Review: Crypt of the Necrodancer
The Good
  • The music will stick in your head for hours, but not in a bad way.
  • The difficulty curve is perfect and you never feel like game overs were the game's fault rather than your own.
  • Ten playable characters and a level editor adds huge replay value.
The Bad
  • Persistent upgrades are a bit too few and too easy to unlock.
95%Overall Score

What do you get when you combine dungeon crawling, the undead, and catchy music with a driving beat? The answer is Crypt of the Necrodancer. Combining rhythm and roguelike gameplay makes Necrodancer a uniquely fun experience.

What is Crypt of the Necrodancer?

As mentioned before, Necrodancer is what you get when you cross the roguelike and rhythm genres in one game. Initially, you play as Cadence, a woman in search of her father, who disappeared years ago. While searching for her father, she falls into the crypt and is fatally wounded. As she lays unconscious, the Necrodancer steals her heart, cursing her to dance to the beat for eternity. She awakens, aware that she has changed, but ventures further into the crypt, determined to save her father.

The story is told via narration accompanied by still screens. The art is done in a retro style, keeping with the game’s old school roguelike elements.

Gameplay

Crypt of the Necrodancer is the perfect balance of challenging but forgiving with a perfect difficulty curve. The crypt is divided into four zones, each with its own unique enemies and styles and each zone is divided into four floors with their own song. Floors are randomly generated giving the game immense replay value and making the challenge go beyond memorizing each floor.

Every floor is home to enemies, a shop, and a mini-boss who you must defeat before going on to the next floor. Defeating enemies does not give experience, but they do drop gold, with increments increasing based on your groove chain. You increase your groove train by killing enemies and reset it by missing a beat or taking damage. Shops sell a variety of items, weapons, armor, and spells that increase your stats, make you able to phase through walls, heal you, or provide other effects.

The pace set by the music is fast and you are forced to keep moving if you want to preserve your groove chain. The game’s challenge comes from this need to move combined with the omnipresent threat of enemies and your relatively low maximum health. Thankfully, each enemy moves in only a predetermined way. As you play you will learn these patterns and be able to determine the proper dances required to tackle each enemy. When you get a game over you are given a replay of the last few moments of your life, giving you time to think about how you could have approached the situation differently.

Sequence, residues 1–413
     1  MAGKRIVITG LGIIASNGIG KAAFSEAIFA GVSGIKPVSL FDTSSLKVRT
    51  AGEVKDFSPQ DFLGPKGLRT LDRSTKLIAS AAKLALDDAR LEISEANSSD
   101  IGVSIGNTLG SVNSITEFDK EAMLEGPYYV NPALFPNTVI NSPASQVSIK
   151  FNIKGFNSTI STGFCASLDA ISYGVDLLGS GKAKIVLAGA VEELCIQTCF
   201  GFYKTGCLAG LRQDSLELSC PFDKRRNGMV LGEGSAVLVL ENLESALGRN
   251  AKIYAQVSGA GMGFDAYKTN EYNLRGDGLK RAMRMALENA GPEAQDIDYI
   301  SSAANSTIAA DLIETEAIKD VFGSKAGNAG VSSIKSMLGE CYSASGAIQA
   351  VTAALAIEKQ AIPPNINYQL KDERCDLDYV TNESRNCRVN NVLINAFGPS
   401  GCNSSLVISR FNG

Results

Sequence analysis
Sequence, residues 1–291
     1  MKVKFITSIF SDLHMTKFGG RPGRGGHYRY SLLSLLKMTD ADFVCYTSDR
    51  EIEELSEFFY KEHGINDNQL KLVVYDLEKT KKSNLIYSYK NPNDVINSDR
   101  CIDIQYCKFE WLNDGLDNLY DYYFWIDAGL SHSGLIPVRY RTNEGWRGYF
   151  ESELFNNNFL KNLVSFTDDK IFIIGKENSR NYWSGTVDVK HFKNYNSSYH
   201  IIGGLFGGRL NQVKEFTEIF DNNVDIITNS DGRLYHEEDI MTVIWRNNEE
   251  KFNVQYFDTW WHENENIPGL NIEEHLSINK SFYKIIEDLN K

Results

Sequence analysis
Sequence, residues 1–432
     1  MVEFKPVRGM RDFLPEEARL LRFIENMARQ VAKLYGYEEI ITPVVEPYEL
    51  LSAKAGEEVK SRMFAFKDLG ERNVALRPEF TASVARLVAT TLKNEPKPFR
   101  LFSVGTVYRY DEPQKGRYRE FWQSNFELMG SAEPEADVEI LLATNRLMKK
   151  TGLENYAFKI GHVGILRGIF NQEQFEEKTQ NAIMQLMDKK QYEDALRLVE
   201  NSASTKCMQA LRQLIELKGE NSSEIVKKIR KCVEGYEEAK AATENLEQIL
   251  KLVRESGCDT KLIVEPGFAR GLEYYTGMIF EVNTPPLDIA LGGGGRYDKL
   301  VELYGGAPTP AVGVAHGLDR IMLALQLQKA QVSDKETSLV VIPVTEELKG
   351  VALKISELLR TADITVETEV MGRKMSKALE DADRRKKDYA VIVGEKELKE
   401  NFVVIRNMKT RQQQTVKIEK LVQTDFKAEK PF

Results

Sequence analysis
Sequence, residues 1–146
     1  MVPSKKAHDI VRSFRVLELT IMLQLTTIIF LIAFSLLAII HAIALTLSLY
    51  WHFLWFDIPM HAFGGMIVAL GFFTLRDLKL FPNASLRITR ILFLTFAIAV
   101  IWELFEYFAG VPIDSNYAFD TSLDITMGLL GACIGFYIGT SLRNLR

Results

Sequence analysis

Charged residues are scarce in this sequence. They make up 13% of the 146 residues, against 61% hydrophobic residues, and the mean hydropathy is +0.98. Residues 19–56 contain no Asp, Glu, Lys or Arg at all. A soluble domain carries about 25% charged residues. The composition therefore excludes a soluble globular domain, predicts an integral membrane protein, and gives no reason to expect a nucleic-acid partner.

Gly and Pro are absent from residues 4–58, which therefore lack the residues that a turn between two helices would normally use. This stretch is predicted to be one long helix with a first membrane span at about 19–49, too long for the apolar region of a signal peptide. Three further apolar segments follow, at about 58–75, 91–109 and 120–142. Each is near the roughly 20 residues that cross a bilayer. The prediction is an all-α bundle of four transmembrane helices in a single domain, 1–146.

The only inputs the game uses are the four arrow buttons on the keyboard so it is perfectly suited to play with a USB dancepad. In fact, Brace Yourself Games has a number of custom dance pads listed on their website that they recommend for use with the game. If you want to fully experience dancing your way through the crypt, using a dance pad (inthe slightly easier dancepad mode) is the way to go.

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Graphics and Sound

In keeping with the old school style of roguelikes Necrodancer’s art has a retro feel with its top-down pixel art and still picture cutscenes. Each enemy type is easily distinguishable from others and the UI is uncluttered, letting you focus on the beat and the gameplay.

Of course, no review of a rhythm game would be complete without mentioning the music and sound effects. Each of the sixteen floors, as well as the game’s lobby has its own song and they are all catchy enough that I found myself humming them to myself for hours after I had stopped playing. To stop things from getting old there are three versions of each song, inspired by different genres of music. If you find yourself Necrodancing so much that you can’t handle the same songs then you can import any song that you have on your PC for use in the game. The game will automatically pick up the beat, no extra work required.

What makes the game’s sound design really shine is the little extras added in. The sound effects are perfectly done and the characters voices fit them well. My favorite touch is the way the shopkeeper sings along to the music when you approach his store.

Replayability

Necrodancer is a difficult game and will certainly take a while to complete, but even when you do beat the game there are all sorts of features to keep you coming back. You can tackle the crypt as ten different character, each with their own abilities and restrictions. For example, Dove, who cannot attack but who is able to proceed to the next floor without defeating the boss, or  Eli has no weapon but an infinite supply of bombs.

If extra playable characters are not enough, then the fact that floors are randomly generated and no run will be the same keeps things fresh. The inclusion of a daily challenge dungeon where players around the world compete for a high score also gives reason to keep loading the game up.

If you’re the type who enjoys creating your own challenge, an included level editor provides you the freedom to do that, as well as try the devious creations of other players.

Conclusion

Crypt of the Necrodancer is a unique take on both the rhythm and roguelike genres and a game that fans of either should definitely check out. Its combination of fun gameplay, great music, and replayability means that it will keep you dancing for some time to come.

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